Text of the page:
Need a summer blouse that covers your arms? So-Sew-Easy has got you covered with the Aurelis Summer Blouse pattern. This is a how to sew an Aurelis Summer Blouse project review.
The link to the Aurelis Summer Blouse project free tutorial is:
This pattern is for personal use. Home sewists may sell Aurelis Summer Blouses that they personally make.
For the purposes of my review, I’m going to summarize the basic steps, tell you what I did differently (if anything) and share my general thoughts about sewing the project.
The Aurelis blouse features a boxy shape and balloon sleeves. It’s an intermediate-beginner project involving sewing darts, sewing bias tape, and using elastic. Depending upon your skill level, you may wish to make your own matching bias tape.
This was my first time using a pattern that didn’t include seam allowances or hems. I read through all the instructions before cutting the pattern so that I could determine where I would need to add seam allowances and hems. I added a 3/8” seam allowance to each of the shoulder seams and a ½” seam allowance to the bottom hem. The size lines for one size larger than I had planed to make were ~3/8” larger than my selected size so I cut along those lines.
Step 0 Gather Materials
This project is intended for woven fabrics. Natural fiber fabrics such as silk, cotton batiste, lawn, linen, or rayon are recommended.
You will also need some bias tape and 1/4″ wide elastic. I made my own ¼” wide double fold continuous bias tape. If you’d like to learn how to make your own continuous bias tape, check out my two-part series on continuous bias strips and continuous bias tape.
Step 1 Sew Darts
I’d never sewn clothing dart before so I read the recommended tutorial for darts. The tutorial’s instructions said to draw the dart’s sewing lines on the wrong side of the fabric, pin the dart together, then start sewing from the wider end of the dart. The seam is backstitiched at the wider end and instead of backstitiching at the point, you sew right off the end of the fabric then tie a knot in the ends of the thread. This method was quick and easy and resulted in sharp darts.
Step 2 Finish The V
The Aurelis tutorial recommends that you cut a larger v in the neckline if your bust is larger. That’s open to interpretation so I looked at other woven, v-neck shirts I own that for inspiration.
Bias tape is used to used to finish the raw edges of the plunging v-shape and there’s a separate tutorial so sewing bias tape to a v-neck. This was another new technique for me. You sew a line of stay-stitiching along both edges of the v and snip into the seam allowance at the apex. Sew the open bias tape to the shirt, pulling the v into a straight line as your do so. Next the bias tape is folded over and it’s other edge is sewn. To make a sharp point at the centre of the v, a short line of stitching is sewn through the bias tape.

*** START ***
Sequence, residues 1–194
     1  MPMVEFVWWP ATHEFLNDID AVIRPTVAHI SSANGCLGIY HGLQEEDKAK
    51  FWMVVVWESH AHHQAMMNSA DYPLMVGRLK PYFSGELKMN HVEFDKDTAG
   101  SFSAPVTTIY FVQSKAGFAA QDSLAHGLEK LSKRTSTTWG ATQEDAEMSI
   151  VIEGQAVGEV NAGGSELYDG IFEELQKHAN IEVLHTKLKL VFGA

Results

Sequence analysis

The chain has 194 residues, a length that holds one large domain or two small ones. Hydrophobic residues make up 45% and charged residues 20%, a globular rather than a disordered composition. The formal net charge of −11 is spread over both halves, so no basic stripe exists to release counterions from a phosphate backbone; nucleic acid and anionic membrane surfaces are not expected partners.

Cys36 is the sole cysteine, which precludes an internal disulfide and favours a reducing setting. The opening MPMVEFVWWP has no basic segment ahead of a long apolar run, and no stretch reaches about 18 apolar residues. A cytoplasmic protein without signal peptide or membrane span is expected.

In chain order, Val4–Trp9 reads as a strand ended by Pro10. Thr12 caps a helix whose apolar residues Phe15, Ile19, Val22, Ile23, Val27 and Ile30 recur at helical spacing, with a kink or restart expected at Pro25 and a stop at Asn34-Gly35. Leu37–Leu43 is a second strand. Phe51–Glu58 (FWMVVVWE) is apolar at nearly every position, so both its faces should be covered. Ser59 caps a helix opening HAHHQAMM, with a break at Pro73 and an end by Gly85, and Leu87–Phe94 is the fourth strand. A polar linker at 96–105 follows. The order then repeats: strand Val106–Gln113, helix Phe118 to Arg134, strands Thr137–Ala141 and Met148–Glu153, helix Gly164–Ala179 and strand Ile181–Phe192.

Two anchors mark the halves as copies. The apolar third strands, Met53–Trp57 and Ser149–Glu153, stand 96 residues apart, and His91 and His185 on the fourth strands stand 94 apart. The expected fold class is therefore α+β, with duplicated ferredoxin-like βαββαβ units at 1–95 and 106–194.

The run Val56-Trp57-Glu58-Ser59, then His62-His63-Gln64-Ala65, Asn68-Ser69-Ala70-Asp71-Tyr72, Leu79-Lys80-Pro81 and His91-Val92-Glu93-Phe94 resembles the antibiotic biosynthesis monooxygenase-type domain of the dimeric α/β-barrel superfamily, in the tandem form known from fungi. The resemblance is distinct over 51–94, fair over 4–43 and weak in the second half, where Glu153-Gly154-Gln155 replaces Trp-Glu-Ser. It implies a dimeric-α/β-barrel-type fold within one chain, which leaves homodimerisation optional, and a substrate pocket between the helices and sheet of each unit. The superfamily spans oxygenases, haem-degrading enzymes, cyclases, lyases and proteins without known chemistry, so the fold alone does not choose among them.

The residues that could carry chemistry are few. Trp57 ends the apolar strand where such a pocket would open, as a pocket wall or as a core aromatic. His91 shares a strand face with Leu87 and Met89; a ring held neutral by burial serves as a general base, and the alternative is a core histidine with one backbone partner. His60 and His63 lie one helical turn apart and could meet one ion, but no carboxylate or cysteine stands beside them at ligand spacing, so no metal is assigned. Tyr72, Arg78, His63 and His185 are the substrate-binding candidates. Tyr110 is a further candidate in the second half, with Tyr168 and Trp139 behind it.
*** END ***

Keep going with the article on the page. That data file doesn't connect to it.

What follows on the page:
Step 3 Shoulder Seams
This step is straightforward.
Step 4 Attach Sleeves
The pattern has marks to indicate which side of the sleeve is the front and where the shoulder seam should line up. These marks made it easy to sew on the sleeves.
Step 5 Side Seams
If you’ve sewn your sleeves correctly, your side seams will line up with your underarm seams
Step 6 Finish Sleeves & Bottom
I sewed a ¼” wide single fold hem along the ends of my sleeves before attaching the elastic. I used my sewing machine’s elastic stitch to sew on the elastic, but you can also used a zigzag stitch. Elastics vary in their stretchiness and my first elastic loop wasn’t long enough to stretch all the way around the circumference of the sleeve cuff.
A longer piece of elastic did, and it results in a sleeve that is much looser at the wrist.
I used a ¼” wide double fold hem along the bottom of my Auleris blouse.
Step 7 Finish Neckline
The tutorial didn’t include instructions for finishing the neckline. Looking at the project photos, I suspect the neckline is finished with continuous bias tape and the ties are an extension of the same strip of continuous bias tape. I applied my continuous bias tape to the neckline with a 12” long tail at each end.
Next I turned the short ends of the bias tape 1/3” and sewed them in place before folding the bias tape to the front of my blouse and sewing it. I continued folding and sewing the bias tape for the tails.
Here are some photos of my finished Aurelis Summer Blouse:
Between the unclear sizing information and the missing section about how to finish the neckline, these instructions aren’t as well written as other So-Sew-Easy projects. The intermediate-beginner project rating is reasonable due to the skills required. There are many references to more detailed tutorials if you’re not familiar with the necessary techniques. I really like the style of this shirt and will make another Aurelis blouse (or two). The fit is a little snug across the bust so I’ll use a larger size. My Aurelis blouse is a little shorter than I had planned it to be and the sleeves ride up more than I had anticipated. I’ll be making both the bottom and sleeves of my next Aurelis blouses longer.
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